Laura Belin

Well put! | Rated: Up
Utilities are also in the business of producing public-relations TV ads that are such enormous jaw-dropping are-you-kidding-me whoppers that seeing the ads can cause nausea and/or vertigo in anyone who understands reality. The MidAmerican Energy TV ad this week about the wonderful Iowa solar bill they are supporting almost made me lose my lunch.
Utilities are not in the business of producing power unless you’re talking about political power. They are in the business of producing profits and a lot of it. They support their customers energy efficiency efforts only because they are mandated to do so. They are also required to interconnect their customers and pay net metering rates for solar and wind systems. Last year they repealed energy efficiency requirements and now they are after net metering. Don’t let them get away with it!
Attention Iowa Republican legislators -- this is what happens when you get your conservation information from the Iowa Farm Bureau and its buddies. If you find out during a public meeting that you've been misinformed, which can be kind of embarrassing, what did you expect? SSB 1221 should be in the dictionary next to "gall." It really does take a lot of gall when Iowa Big Ag, led by the IFB -- (1) Uses major political clout to guarantee Iowa farmers don't have to do anything to reduce farm pollution -- (2) Claims this voluntary approach to farm pollution is working well in spite of massive evidence to the contrary -- (3) Tries to eliminate an effective, valid funding source for land projects that have multiple benefits for water quality, soil, wildlife, and outdoor recreation, which is exactly the kind of multiple-benefit water-quality projects that many Iowa local governments really want -- (4) Tries to pretend this bill isn't really a giant foot-stamping snit-fit aimed at the Iowa Natural Heritage Foundation because the INHF is working successfully with many grateful landowners, including farmers, who really do want to sell tracts of land that can't be farmed without lots of erosion, water pollution, wildlife loss, or all three. Here's an excerpt from a good story in the CEDAR RAPIDS GAZETTE: *** Jim Beeghly of Decorah told lawmakers he doesn’t want his options for putting his Fayette County farm into the hands of conservation groups limited. “I don’t give a damn what the Farm Bureau wants to do with my farm,” he said. *** Mr. Beeghly, you speak for many of us!!
...by all the things I've learned from this post. So it turns out I agree with the Iowa Pork Producers Association about something, at long last. And my opinion of the Greater Des Moines Partnership, always tentative, just went way down. If you're going to lobby for a bozo bill like this, at least provide an explanation that isn't intelligence-insulting.
...but a few decades ago, there were volunteer good-cause lobbyists at the Statehouse who did a lot of work but never got paid a dime. They were required to register as lobbyists just like the well-paid professional lobbyists. The registration requirements were based, as I recall, on the frequency and amount of time spent trying to influence legislation, not on whether the lobbyist was paid for the work. I don't know what "injecting concern about legislation into the discussion" means, but also back in the day, only legislators were allowed to speak during committee and subcommittee meetings unless an attending non-legislator at the meeting was specifically invited to speak. Maybe that has changed. There were fairly frequent public hearings, however, during which interested Iowans were allowed to speak into microphones and their comments were recorded and put into transcripts for interested lawmakers. In recent years, there seem to be far fewer of those.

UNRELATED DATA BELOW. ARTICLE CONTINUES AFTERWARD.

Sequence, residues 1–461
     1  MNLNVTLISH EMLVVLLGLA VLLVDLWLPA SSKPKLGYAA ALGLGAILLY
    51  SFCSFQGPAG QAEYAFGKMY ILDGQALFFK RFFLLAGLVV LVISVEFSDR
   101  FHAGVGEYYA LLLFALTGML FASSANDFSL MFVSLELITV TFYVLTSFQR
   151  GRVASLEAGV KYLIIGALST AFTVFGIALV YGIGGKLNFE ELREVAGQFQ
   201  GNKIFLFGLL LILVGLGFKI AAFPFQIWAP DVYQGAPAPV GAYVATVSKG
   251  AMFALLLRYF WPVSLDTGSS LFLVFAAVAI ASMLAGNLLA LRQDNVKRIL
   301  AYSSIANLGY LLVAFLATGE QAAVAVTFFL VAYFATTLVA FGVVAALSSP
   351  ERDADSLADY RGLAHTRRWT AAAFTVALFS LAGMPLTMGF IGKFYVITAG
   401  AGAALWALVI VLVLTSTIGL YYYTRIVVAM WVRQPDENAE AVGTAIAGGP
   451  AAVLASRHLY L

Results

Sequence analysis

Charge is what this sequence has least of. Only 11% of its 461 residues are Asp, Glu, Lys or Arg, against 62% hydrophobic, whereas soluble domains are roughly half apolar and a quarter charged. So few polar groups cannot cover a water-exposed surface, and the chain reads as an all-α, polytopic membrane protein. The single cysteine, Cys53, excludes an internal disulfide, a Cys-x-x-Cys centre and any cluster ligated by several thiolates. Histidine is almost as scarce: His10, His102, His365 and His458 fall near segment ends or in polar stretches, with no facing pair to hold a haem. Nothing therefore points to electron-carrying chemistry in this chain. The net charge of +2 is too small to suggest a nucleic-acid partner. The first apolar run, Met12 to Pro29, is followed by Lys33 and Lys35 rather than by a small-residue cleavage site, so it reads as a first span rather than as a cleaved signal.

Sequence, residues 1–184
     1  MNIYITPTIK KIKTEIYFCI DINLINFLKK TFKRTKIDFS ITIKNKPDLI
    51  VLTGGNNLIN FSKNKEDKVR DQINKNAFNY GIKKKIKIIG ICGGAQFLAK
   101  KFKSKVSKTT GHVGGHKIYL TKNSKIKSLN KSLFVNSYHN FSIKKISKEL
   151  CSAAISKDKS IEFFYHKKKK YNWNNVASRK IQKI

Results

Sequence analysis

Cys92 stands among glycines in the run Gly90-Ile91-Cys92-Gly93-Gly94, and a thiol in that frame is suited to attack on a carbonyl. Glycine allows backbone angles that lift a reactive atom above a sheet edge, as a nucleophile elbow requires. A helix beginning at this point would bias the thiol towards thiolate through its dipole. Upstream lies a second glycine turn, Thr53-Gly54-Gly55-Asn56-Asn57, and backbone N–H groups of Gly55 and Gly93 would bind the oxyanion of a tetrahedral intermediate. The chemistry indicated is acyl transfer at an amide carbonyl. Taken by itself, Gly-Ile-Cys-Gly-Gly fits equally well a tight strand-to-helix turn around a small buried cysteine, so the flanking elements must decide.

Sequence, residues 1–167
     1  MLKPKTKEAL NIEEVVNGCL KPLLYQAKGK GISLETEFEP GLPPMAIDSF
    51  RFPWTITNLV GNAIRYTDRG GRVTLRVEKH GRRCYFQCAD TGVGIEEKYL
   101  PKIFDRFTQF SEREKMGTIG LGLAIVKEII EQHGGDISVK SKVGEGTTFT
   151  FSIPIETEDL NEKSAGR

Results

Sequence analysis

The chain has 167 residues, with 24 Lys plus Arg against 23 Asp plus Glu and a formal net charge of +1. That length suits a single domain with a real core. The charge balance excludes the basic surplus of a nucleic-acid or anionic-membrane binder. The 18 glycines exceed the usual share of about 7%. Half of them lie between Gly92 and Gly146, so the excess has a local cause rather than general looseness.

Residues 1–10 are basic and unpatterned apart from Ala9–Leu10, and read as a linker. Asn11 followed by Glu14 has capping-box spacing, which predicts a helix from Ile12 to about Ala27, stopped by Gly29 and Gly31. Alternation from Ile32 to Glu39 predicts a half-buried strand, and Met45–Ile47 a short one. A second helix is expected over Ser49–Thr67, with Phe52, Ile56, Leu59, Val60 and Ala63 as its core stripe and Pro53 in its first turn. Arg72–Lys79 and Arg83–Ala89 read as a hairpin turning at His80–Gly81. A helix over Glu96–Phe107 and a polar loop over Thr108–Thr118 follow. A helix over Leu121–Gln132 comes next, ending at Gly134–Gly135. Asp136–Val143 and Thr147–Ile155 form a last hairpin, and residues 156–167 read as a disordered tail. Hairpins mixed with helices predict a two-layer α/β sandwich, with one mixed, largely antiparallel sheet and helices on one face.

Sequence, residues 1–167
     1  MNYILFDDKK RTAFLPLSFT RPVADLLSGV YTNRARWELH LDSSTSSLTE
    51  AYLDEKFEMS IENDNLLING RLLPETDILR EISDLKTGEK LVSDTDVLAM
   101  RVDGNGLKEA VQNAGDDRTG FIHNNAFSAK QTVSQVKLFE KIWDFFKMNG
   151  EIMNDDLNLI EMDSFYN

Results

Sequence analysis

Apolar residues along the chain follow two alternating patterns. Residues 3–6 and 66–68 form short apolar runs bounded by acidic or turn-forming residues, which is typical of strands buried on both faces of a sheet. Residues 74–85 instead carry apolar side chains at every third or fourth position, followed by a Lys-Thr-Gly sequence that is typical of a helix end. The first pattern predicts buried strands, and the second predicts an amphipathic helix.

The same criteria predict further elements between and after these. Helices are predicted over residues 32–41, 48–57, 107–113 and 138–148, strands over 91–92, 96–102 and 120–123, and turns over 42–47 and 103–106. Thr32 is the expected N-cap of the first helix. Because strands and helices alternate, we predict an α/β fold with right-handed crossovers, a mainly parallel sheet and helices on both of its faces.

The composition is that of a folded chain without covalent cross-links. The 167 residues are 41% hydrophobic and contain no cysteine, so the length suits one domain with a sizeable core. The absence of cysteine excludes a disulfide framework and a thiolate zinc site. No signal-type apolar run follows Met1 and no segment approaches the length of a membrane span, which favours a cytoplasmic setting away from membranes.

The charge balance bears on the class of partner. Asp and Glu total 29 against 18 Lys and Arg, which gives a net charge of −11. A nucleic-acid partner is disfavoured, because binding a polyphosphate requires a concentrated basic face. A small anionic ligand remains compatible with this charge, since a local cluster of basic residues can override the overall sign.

The legislature should go in to the statute and define "intelligent mail barcode". I don't think we're likely to be happy with how a Republican legislature defines that, however, and I think it will probably have the same problems that the administrative rule has -- it uses the old Intelligent Mail Barcode tracing system, which is a voluntary program (not used anymore -- known now by another name), so that some counties participate and most don't. Maybe that works for just a county election, but once you start including statewide races, I think you have an equal protection problem of whether someone's vote is being counted. So yes, it is important to have a rule that applies to all county offices equally. In the absence of action by the legislature, a person can initiate a petition for rulemaking to change the administrative rule at the Secretary of State's office. The rule to do this is IAC 721--8.1(17A), which sets forth the form and contents that the petition must take. The rules indicate that a brief may be attached. Within 30 days, the agency must submit a copy of the petition and brief to the administrative rules coordinator (person on the governor's staff who oversees rules) and to the administrative rules review committee. If requested in the petition, the agency must schedule a brief and informal meeting between the petitioner and agency to discuss the petition. The agency may request more information or arguments, and may also solicit comments from any person on the substance of the petition. Also, "comments on the substance of the petition may be submitted to gency by any person. IAC 721-8.4 (1). The agency has 90 days to make a decision in writing. They can deny, including the specific grounds for the denial, or grant the petition and notify the petitioner that the agency has instituted rule-making. IAC 721--8.4(2). Pate is not going to be inclined to grant such a petition. The brief will have to be very convincing and leave him no options. It is my understanding that county auditors don't want to have to use the barcodes, probably because of the increased cost, but maybe also because of the increased effort it would require, so there would be negative comments from that group. People who have had their ballots excluded because of a lack of a postmark should speak in favor of a change to the rule. But if there is strong legal evidence that there is an equal protection problem with the rule as it is currently written, that should require some change. Also, as noted above, it refers to tracing, which no longer exists. That alone should require the rule to be updated. The process of rewriting and going through the rules process takes approximately 8 months, if there are no delays. Add the 90 days of this petition process, and it will take about a year, conservatively, to get the rule adjusted in some way. I think it is a battle worth fighting, though. Note that IAC 721--21.14 (53) deals in depth with Intelligent Mail barcode Tracing. That needs to be updated, changed, or deleted. IAC 721 --21.12(47,53) refers to Intelligent Mail barcode Tracing. That needs to be updated. There may be others.